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decent and useful men. What especial cloud hangs over this one part of our life's current, that the stream here will ever run dark and sullen, while on its earlier and its later course it is either all bright and lively, or the impurity of its waters is lost to the distant view in the breadth and majesty of their volume? I must touch upon the causes, or how shall we be able to point out the remedies?
Unquestionably, the time of life at which are arrived, and more particularly the younger boys among you, is, in itself, exceedingly dangerous. It is just the time, beyond all others in life, when temptation is great, and the strength of character to resist it exceedingly small. Earlier, under your parents' roof, the taint of evil reached you with far less virulence, you were surrounded with all influences of good. Later, you will be exposed, indeed, to enough of evil, but you will have gained at least more experience, and more strength of mind, to resist it. It is a great matter too, that your bodies, at your time of life, so far outgrow your minds;-that your spirits and bodily strength are so vigorous and active, while your understandings are, in comparison, so feeble. This makes you unapt and unwilling to think; and he who does not
think, must surely do one of two things,—he must submit himself entirely to be guided by the advice and direction of others, like young children, or else he must certainly go wrong. Another cause is, that at no place, or time of life, are people so much the slaves of custom, as boys at school. If a thing has been an old practice, be it ever so mischievous, ever so unworthy, it is continued without scruple; if a thing is new, be it ever so useful and ever so excellent, it is apt to be regarded as a grievance. The question which boys seem to ask is not, What ought we to be, and what may the school become, if we do our duty? but, What have we been used to, and is the school as good as it was formerly? So, looking backwards instead of looking forwards,―comparing ourselves with ourselves, instead of with the Word of God,-we are sure never to grow better, because we lose the wish to become better and growth in goodness will never come, without our vigorous efforts to attain to it. This cause extends a great way, and produces more evil than we are apt to think of. Old habits, old practices, are handed down from generation to generation, and, above all, old feelings. Now it is certain that education, like every thing else, was not brought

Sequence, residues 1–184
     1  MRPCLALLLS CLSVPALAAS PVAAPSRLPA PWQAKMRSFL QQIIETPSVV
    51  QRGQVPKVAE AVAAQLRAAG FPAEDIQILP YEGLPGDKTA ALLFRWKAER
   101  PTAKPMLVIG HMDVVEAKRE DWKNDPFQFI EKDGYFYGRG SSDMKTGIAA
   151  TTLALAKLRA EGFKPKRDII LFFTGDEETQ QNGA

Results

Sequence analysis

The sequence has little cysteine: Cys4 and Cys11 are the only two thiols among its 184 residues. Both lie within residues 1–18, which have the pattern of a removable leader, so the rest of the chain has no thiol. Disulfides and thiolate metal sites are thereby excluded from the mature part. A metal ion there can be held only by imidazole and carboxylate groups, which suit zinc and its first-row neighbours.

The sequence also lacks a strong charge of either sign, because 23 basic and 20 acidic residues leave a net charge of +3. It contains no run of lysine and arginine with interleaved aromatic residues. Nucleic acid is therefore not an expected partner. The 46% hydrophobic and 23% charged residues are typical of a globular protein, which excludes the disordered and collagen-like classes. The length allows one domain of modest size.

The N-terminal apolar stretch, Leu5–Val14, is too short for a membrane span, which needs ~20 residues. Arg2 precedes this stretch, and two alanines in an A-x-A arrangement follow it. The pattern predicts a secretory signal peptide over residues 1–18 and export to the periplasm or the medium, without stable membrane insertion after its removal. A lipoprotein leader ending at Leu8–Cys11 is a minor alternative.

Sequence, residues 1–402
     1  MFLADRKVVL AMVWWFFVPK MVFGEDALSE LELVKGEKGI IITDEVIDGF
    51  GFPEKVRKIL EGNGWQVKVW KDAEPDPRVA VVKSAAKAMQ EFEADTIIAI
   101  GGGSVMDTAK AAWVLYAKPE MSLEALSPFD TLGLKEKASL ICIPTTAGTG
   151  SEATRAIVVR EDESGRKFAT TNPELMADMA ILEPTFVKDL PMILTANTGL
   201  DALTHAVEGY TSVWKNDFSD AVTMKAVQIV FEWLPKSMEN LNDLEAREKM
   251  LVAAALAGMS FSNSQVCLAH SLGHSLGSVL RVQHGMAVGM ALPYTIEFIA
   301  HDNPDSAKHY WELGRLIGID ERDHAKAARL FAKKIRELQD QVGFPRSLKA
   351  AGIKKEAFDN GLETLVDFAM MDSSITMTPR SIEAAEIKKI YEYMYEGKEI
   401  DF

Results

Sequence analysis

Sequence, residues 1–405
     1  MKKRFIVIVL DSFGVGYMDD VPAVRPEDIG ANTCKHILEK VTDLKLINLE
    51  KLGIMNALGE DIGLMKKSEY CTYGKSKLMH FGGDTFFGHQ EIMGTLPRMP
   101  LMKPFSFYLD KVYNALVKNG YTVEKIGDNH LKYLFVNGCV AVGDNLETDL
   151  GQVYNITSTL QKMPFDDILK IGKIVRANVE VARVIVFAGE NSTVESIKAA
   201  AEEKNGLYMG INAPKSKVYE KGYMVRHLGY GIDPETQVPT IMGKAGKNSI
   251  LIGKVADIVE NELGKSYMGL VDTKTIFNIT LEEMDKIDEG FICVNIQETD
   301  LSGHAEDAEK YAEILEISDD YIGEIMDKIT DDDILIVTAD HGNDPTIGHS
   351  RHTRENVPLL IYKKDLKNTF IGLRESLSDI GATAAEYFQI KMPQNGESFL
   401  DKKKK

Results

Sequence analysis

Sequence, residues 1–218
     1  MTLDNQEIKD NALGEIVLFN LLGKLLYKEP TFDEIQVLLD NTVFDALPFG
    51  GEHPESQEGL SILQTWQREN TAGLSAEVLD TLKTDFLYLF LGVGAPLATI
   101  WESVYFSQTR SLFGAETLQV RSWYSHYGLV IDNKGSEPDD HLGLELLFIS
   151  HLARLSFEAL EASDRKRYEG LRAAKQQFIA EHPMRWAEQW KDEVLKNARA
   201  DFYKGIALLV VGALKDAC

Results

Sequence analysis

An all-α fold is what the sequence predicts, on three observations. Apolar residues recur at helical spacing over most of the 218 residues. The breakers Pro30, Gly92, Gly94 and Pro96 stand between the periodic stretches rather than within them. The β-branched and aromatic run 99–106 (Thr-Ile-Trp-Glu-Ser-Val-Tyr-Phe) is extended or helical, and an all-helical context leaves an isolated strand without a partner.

to perfection when our great schools were first founded the system had a great deal required to make it what it ought to be. I am afraid that Christian principles were not enough brought forward, that lower motives were encouraged, and a lower standard altogether suffered to prevail. The system also was too much one of fear and outward obedience; the obedience of the heart and the understanding were little thought of. And the consequence has been the same in every old school in England,-that boys have learnt to regard themselves and their masters as opposites to one another, as having two distinct interests; it being the master's object to lay on restrictions, and abridge their liberty, while it was their business, by all sorts of means,combination amongst themselves, concealment, trick, open falsehood, or open disobedience, to baffle his watchfulness, and escape his severity. It cannot be too strong to say, that this is at least so far the case, as far as regards the general business of schools: the boys' interest and pleasure are supposed to consist in contriving to have as little work as they can, the master's in putting on as much as he can; a strange and sad state of feeling, which must have arisen, I fear, from the habit
of keeping out of sight the relation in which we both stand, masters and boys alike, to our common Master in heaven, and that it is his service which we all have, after our several stations, to labour in. A due sense of our common service to our heavenly Master is inculcated by St. Paul as softening even the hardships of slavery, although it is the peculiar curse of that wretched system, that the power is there exercised, not for the good of the governed, but for that of the governor. It is not for his own good, but for the interest merely of his master, that any man is a slave. But our relation to one another, like that of children and parents, is a relation chiefly for your good: it is for your benefit that the restraints of education are intended,—that you may be good, and wise, and happy, in after years, and may bring forth fruit from the seed here sown, which may endure unto life eternal. And this you would all at once acknowledge, if it were not for the old school feeling handed down from one generation to another, and growing out of a system too neglectful of Christian principles, or too fearful of openly professing them. This veil over the heart and understanding, this fatal prejudice, this evil error, like every thing else
false, ignorant, and wicked, can only be done away in Christ. When When you shall turn to the Lord, the veil shall be taken away; and you will be enabled to see clearly your true condition here, what we are endeavouring to make it, and how entirely our objects and interests are the same as your own.